Monday, November 30, 2015

Hit and miss: Two tales of Barolo and Burgundy

As they sit around the domino table, spinning yarns about the way it used to be, many an old-time, old world wine drinker can be heard to utter the unicorn words "As Barolo and Burgundy age, they tend to converge sensorially." Being a confirmed unicorn and UFO hunter, I have been searching high and low for writings which confirm this position; or at least discuss it in some meaningful way. I thought that I had happened upon two of those articles this year -- based on the titles -- but I can say at this time "mission un-Accomplished."

The first of the two articles was titled The Burgundization of Barolo -- An Imminent Sea Change in the Langhe, posted on the blog On the Wine Trail in Italy on Sunday, January 18, 2015. This post focused on the changes taking place in the broader Barolo region and drew especially on a Levi Dalton podcast with Antonio Galloni to help make the case. This was not exactly what I had been looking for but was a very interesting post, nonetheless, with some piercing insights:
  • The wines and social climate of Barolo and Barbaresco might be shifting to the more "exclusive and limited world in which Burgundy finds itself."
  • Winemakers in Barolo are becoming less accessible a la their peers in Burgundy
  • Barolo may become like Burgundy where winemaking families cannot afford to buy vineyards that come on the market. Those vineyards will instead be bought by investment groups.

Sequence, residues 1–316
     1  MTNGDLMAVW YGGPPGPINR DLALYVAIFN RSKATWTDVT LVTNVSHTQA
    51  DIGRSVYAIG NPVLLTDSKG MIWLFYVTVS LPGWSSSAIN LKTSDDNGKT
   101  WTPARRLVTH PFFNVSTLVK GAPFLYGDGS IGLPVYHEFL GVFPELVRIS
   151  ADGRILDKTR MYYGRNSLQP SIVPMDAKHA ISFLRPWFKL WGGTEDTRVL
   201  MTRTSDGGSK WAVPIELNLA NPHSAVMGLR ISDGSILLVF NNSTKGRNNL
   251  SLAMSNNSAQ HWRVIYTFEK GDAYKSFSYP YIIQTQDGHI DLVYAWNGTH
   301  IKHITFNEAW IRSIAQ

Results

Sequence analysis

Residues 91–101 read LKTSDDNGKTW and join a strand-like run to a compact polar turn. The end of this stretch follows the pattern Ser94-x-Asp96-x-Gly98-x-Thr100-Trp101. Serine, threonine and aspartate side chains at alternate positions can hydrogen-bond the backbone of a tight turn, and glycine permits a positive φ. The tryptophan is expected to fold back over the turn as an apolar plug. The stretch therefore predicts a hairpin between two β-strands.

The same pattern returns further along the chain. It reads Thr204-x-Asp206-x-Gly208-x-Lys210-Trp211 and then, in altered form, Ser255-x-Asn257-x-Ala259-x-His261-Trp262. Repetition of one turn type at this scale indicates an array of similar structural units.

This was interesting so I filed it away in Evernote with the sense that I might be able to build a knowledge base of some type that would build on it..

Just a few weeks ago, @Winefamilies tweeted a link to an article by Jay McInerney in titled Can a Barolo Really be as Good as a Top Burgundy? And still be Affordable? This stoked some fires. First, based on the title, I thought that the article would provide arguments as to why -- and why not -- a Barolo was not as good as a Top Burgundy. Secondly, while not defining the term "Top Burgundy," the title implied that all Top Burgundies were good. Further, the article was not asking whether a Top Barolo could be as good as a Top Burgundy. Instead it seemed to be asking that question re Barolo as a class. Seemed somewhat non-competitive to me. Finally, I thought that this article could be the second installment on my knowledge base, which at this time only consisted of the Acevola post above.

Anyway, I continued reading the article. It went on at great length about Chiara Boschis (star of the movie Barolo Boys, according to the article), the battle between the modernists and traditionalists in Barolo, and the Giacomo/Giovanni Conterno Monfortino story. It was not until close to the end of the article that the word Burgundy is mentioned in the text. I will quote you the entirety of its treatment:
Conterno aside, Barolo still represents great value compared with, say, the wines of Burgundy, a region with which it has much in common. Both are small, geographically complex appellations composed mostly of small grower domains (sic).
That's it. On the basis of these two sentences we are supposed to answer the questions posed in the title? Now don't get me wrong. This was an excellent article. I am just not sure, however, that it addressed the burning questions that it asked.

Well, my hunt for the unicorn goes on. As does my hunt for an answer to the question "Can a Barolo Really be as Good as a Top Burgundy? And still be affordable?

©Wine -- Mise en abyme

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